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Mandago's sharp tongue: A response

By Peter Chepkong'a | Published Sun, January 28th 2018 at 08:56, Updated January 28th 2018 at 09:05 GMT +3
A screen shot of part of the publication on Governor Mandago

My attention is drawn to an article titled ‘Mandago: Rungu Governor with a sharp tongue’ published in the Sunday Standard of January 21. The writer, Jonathan Komen, views Mandago as a politically intelligent albeit disdainful, unpolished and (un)popular leader of his time. He equates Mandago to 1960s US President John F Kennedy in whose era a group of young politicians in Michigan drafted The Port Huron Statement. James Miller in his book ‘Democracy Is In The Streets’, says the manifesto introduced ‘participatory democracy’ to geo-politics. This ideology encourages independence of opinion within an organised socio-political structure where leaders and community have equal stake. A government of the people for the people. Like Kalenjin’s generational leadership structure, each age group has its leader who will/must never clash with his senior leader; at the moment we look up to Deputy President William Ruto.

North Rift and particularly Uasin Gishu politics is famed for its strength in grassroots opinion. Therefore, alleging that Mandago loves to go back to mashinani and whip emotions is wrong unless the writer can point out a politician who has won without getting his backyard support. If anything, former US House of Representatives Speaker Tip O’Neill aptly says that ‘All politics is local.’

As regards Mandago being disdainful and condescending I am reminded of the (in)famous run-in between foreign NGO members and his administration. Komen’s favourite author Chinua Achebe says if a man defecates at your doorstep, you must pick a stick and chase him! The writer has drawn a blurry line between defiance, controversy and a leadership’s strong sense of opinion. Eight years ago, the DP, advised the Kalenjin to ‘look to the mountain’ after a near-miss attempt at 2007/08 presidency. Mandago in his own wisdom came up with Community Procurement Management Committees which ensured that projects were managed and executed by the people in the grassroots. Pesa Mashinani, much to the chagrin of tender-prenuers. The governor is a filial generation of Ruto’s political gene pool with strong self-opinion and loyalty to the leadership of the day. How could Mandago be unwanted yet he is always asked to represent the presidency in Rift Valley and Western? There was no acrimony between Bishop Cornelius Korir (RIP) and Mandago.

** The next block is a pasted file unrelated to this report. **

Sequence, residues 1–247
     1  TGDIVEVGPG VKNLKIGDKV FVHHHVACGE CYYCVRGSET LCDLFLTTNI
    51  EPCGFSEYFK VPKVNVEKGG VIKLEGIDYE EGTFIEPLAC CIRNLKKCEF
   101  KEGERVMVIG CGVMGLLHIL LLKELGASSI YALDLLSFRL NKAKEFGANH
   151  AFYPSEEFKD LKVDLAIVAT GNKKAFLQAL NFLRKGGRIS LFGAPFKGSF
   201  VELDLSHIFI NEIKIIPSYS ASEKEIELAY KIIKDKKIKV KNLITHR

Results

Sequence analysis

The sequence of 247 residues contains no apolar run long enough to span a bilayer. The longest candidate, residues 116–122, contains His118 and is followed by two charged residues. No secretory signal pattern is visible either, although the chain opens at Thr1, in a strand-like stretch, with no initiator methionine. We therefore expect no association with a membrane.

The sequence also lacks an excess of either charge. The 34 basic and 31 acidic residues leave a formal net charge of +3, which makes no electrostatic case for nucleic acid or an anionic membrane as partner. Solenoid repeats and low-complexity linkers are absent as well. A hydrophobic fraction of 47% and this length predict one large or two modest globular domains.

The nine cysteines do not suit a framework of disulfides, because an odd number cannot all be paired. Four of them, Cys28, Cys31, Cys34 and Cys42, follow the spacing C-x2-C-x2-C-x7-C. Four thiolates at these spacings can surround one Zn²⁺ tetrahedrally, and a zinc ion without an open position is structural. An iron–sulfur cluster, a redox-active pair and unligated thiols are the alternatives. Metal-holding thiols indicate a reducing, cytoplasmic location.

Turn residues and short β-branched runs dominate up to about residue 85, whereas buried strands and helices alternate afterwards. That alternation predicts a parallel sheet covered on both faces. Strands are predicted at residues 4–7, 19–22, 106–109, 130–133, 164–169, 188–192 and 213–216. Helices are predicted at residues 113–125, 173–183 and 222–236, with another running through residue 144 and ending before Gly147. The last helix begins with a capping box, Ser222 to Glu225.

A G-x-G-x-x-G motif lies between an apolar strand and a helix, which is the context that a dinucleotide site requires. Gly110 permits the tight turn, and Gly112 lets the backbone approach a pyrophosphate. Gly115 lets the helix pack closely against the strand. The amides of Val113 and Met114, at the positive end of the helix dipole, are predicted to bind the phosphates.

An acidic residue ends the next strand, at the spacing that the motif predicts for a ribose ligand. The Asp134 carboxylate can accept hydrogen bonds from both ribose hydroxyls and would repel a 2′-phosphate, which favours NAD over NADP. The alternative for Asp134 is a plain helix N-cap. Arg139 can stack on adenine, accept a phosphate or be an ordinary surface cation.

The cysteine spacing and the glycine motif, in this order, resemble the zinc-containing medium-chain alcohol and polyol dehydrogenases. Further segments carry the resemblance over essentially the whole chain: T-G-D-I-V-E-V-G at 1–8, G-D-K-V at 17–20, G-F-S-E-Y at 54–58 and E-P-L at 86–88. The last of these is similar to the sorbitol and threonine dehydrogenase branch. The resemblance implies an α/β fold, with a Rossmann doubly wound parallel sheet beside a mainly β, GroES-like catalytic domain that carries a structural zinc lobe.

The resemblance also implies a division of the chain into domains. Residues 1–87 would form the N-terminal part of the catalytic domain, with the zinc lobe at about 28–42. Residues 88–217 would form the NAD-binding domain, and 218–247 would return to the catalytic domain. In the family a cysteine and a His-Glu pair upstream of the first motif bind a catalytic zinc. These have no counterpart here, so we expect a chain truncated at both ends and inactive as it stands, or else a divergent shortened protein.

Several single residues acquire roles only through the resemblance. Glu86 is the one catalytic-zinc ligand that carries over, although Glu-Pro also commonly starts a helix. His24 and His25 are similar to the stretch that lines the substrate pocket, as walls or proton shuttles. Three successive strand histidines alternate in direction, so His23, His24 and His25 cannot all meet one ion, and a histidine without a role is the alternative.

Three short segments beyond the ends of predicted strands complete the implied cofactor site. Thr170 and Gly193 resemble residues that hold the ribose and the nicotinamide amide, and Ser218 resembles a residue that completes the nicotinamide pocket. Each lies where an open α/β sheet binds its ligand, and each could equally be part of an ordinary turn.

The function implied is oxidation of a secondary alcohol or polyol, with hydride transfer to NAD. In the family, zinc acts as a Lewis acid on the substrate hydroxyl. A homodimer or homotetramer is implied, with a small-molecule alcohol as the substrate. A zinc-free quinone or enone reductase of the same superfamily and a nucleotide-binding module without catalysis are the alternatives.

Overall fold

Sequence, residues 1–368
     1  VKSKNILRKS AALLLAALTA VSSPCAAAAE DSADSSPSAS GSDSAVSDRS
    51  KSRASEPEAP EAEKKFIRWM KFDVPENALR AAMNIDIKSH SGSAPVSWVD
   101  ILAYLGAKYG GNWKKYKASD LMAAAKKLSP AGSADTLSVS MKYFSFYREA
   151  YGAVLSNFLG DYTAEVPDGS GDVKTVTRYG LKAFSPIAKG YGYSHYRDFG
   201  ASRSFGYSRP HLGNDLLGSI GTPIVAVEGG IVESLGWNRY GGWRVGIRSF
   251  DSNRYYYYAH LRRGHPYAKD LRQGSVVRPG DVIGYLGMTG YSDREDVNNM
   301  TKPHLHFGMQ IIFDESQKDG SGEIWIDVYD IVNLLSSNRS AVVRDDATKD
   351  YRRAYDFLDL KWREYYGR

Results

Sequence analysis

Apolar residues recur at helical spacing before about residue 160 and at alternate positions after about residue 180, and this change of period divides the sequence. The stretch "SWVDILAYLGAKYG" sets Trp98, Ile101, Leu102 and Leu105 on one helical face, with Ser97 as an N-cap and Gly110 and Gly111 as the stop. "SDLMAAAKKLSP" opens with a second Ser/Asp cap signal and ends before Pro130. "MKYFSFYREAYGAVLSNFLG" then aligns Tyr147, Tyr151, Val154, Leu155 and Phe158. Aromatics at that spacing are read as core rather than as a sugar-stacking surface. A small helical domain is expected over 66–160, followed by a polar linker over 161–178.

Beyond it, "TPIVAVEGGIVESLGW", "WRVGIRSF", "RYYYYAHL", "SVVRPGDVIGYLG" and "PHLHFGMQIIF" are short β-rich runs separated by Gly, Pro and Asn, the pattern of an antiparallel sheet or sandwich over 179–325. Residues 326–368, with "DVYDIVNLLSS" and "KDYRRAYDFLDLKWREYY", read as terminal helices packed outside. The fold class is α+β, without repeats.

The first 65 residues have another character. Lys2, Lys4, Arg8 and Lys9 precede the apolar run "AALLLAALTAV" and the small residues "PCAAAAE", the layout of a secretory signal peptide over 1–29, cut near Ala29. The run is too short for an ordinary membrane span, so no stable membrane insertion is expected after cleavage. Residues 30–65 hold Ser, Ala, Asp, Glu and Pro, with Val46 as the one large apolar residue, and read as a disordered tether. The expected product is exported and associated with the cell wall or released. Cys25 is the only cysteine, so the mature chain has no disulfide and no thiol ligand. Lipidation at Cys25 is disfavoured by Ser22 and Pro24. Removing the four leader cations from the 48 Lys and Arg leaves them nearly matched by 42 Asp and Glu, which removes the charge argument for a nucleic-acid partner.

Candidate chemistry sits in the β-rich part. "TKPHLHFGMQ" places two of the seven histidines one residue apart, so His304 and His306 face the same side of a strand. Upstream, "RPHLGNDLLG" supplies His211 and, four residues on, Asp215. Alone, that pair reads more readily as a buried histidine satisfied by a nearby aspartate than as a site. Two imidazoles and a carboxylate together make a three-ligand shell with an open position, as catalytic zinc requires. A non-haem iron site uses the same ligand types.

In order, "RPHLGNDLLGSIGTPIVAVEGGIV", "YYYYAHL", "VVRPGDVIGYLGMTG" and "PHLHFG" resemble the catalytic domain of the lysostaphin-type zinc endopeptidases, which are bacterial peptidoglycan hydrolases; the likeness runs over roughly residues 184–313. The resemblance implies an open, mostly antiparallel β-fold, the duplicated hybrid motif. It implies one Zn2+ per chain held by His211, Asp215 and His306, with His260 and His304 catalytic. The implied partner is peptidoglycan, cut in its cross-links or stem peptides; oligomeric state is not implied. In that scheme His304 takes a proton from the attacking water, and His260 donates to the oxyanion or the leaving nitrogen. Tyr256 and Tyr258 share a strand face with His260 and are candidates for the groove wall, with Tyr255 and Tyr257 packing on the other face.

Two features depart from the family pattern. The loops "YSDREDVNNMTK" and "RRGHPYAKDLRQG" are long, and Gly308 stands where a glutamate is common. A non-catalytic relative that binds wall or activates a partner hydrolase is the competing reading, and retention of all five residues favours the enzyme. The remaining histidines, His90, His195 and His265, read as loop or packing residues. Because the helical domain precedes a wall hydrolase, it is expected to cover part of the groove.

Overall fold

Komen has also not given a record of Mandago’s prosecution on tribal slur claimns by NCIC except for sensationalist claims during the lobbying for appointment of Moi University vice chancellor.

The governor has not had a run-in with his Nakuru counterpart Lee Kinyanjui. While Mr Kinyanjui’s political advisers caused him to make his thinly veiled remarks about ‘his people in Diasapora’, Mandago has focused on ensuring that Eldoret is well planned by moving hawkers to the west of the town. For a politician in North Rift to be re-elected means they are cognizant of change. I would rather Komen had equated the governor to Obierika, Okonkwo’s friend who upon witnessing the great (but obstinate) Okonkwo’s demise, said; ‘Until you change, unless you change, except you change, you will struggle fruitlessly to be, to belong, to become until exhausted you fall by the wayside.’ To compare Mandago’s political life with drowning in a bathtub is condescending.

- The writer is a communications consultant

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